David E. Weisberg

Carter’s Stunningly Foolish Statement

To paraphrase Ronald Reagan’s famous quip: “There he goes again.”

Last Friday, at the ripe old age of 94, former president Jimmy Carter said something that will surely take its place among the dumbest statements any former president has ever made in public.

Before a large audience at the Carter Center, our thirty-ninth president was asked about Russian interference in the 2016 election.  He said this: “I think the interference, although not yet quantified, if fully investigated would show that Trump didn’t actually win the election in 2016.  He lost the election, and he was put into office because the Russians interfered on his behalf.”  When asked if he therefore believed Trump was “an illegitimate president,” Carter responded: “Based on what I just said, which I can’t retract, I would say yes.”  The audience applauded, and Carter grinned.

For a former president to publicly confirm that the incumbent president is an illegitimate occupant of the office is a stunning development.  Traditionally, most former presidents have tried to avoid direct criticism of their successors, even when the incumbent is of a different political party.  And I know of no other instance where a former president has publicly endorsed the notion that the incumbent illegitimately occupies the office.  No other living former president—Bill Clinton, George W. Bush, or Barack Obama—has done so.

What possible justification could Carter have for such an unprecedented attack on one of his successors?

We all know that, as the Obama administration was drawing to a close in January of 2017, the leading U.S. intelligence agencies issued an Intelligence Community Assessment, entitled “Assessing Russian Activities and Intentions in Recent US Elections” (the “I.C.A.”).

The I.C.A. found that Russian president Putin in 2016 ordered an “influence campaign” to undermine Americans’ faith in the U.S. democratic system, to denigrate and harm Hillary Clinton and her campaign, and to enhance the electoral prospects of Donald Trump.  The I.C.A. further states: “We did not make an assessment of the impact that Russian activities had on the outcome of the 2016 election.  The US Intelligence Community is charged with monitoring and assessing the intentions, capabilities, and actions of foreign actors; it does not analyze US political processes or US public opinion.”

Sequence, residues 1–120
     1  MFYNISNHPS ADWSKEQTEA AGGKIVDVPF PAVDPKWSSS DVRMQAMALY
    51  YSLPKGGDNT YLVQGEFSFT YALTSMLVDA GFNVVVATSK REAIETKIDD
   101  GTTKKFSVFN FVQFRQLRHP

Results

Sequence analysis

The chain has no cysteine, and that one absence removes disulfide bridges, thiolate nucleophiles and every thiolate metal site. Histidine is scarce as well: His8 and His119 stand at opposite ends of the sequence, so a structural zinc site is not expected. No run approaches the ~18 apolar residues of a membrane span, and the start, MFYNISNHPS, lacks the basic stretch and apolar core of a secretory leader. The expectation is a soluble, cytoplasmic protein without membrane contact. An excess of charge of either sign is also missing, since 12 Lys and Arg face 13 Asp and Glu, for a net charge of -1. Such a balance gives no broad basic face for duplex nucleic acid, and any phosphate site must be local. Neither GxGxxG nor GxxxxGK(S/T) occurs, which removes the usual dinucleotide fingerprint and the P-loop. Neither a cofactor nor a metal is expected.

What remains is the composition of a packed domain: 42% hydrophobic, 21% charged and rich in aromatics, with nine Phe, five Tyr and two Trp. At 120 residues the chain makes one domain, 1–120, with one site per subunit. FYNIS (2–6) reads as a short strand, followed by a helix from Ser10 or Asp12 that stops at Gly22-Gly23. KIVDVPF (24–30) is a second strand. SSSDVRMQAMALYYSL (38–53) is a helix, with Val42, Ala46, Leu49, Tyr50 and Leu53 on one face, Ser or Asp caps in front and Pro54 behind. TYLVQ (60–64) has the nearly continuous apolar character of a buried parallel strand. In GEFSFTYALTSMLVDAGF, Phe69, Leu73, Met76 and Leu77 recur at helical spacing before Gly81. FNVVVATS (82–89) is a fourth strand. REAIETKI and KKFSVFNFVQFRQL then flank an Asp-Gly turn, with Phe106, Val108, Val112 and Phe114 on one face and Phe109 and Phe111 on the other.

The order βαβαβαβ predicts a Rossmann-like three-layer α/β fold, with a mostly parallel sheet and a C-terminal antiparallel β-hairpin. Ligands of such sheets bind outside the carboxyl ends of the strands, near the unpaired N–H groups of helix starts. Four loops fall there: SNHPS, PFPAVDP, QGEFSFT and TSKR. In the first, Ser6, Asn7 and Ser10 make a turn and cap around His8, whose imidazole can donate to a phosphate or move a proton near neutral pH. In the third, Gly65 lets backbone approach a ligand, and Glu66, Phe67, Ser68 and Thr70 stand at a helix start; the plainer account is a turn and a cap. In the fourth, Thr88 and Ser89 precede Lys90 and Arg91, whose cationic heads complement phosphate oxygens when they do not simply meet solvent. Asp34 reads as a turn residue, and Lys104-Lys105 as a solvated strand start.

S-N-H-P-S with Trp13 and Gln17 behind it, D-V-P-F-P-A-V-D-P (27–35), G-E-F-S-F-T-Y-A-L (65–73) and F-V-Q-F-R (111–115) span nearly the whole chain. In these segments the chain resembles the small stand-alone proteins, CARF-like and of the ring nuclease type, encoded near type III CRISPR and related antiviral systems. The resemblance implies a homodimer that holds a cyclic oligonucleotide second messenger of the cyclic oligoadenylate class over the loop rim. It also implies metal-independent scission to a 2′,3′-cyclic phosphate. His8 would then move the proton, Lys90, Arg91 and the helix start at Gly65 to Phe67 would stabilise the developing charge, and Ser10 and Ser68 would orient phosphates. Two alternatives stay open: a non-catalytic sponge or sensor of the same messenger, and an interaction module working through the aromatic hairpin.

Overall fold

So, although the I.C.A. does support the idea that Russia tried to influence the 2016 election, nothing in that document supports the conclusion that Russia succeeded in that effort.  The intelligence agencies explicitly, unequivocally disavowed any attempt to measure the impact Russian interference did or did not have in 2016.  Therefore, nothing in that assessment supports former president Carter’s assertion that Trump “was put into office because the Russians interfered on his behalf.”

Another thing we all know is that, in July of 2018, Robert Mueller, who had been appointed Special Counsel to investigate Russian interference in the 2016 election, filed an indictment alleging that 12 Russian intelligence officers had violated U.S. law by meddling in the election, including a hack into computers of the Democratic National Committee and the Clinton campaign.  The indictment neither asserts nor implies that the activities of the named defendants were decisive in causing Trump to win the election.  In fact, the indictment is completely silent as to whether the defendants’ activities had any effect whatsoever on the outcome of the election.

We all also know that, in his final report, Special Counsel Mueller found that there was not sufficient evidence to charge anyone in the Trump campaign with engaging in an illegal conspiracy with any Russian person or entity to influence the election.

In addition to all the foregoing, there is a broader, more fundamental reason why Carter could never have adequate justification for the outrageous comment he made about Trump’s election.  Carter’s statement is a counter-factual hypothetical; that is, it is a statement about what allegedly would have happened had history been different.  Specifically, it is a statement about who would have won the 2016 election had the Russians not interfered.

The truth of counter-factual hypotheticals is inherently unknowable, unless the particular hypothetical is a statement about an event that can be reproduced and manipulated in a laboratory.  So, if we could go back into historical time and re-run the 2016 election with no trace of Russian interference, we could find out who would have won that election under those conditions.

But we can’t go back in time.  Every child knows that, and the thirty-ninth president of the U.S. ought to know that as well, although he apparently does not.  Thus, Carter’s reference to “interference, although not yet quantified,” is pure nonsense, because that interference could never be quantified.  We can’t re-run the 2016 election in a laboratory after eliminating all Russian attempts to interfere.  Therefore, we could never quantify the effects of the attempted interference.

A former president of the U.S. is not just anybody.  We might expect political operatives and active politicians to be reckless in their attacks on adversaries, but I think we all expect former presidents to behave more responsibly.  Former president Carter has failed that test.

About the Author
David E. Weisberg is a semi-retired attorney and a member of the N.Y. Bar; he also has a Ph.D. in Philosophy from The University of Michigan (1971). He now lives in Cary, NC. His scholarly papers on U.S. constitutional law can be read on the Social Science Research Network at: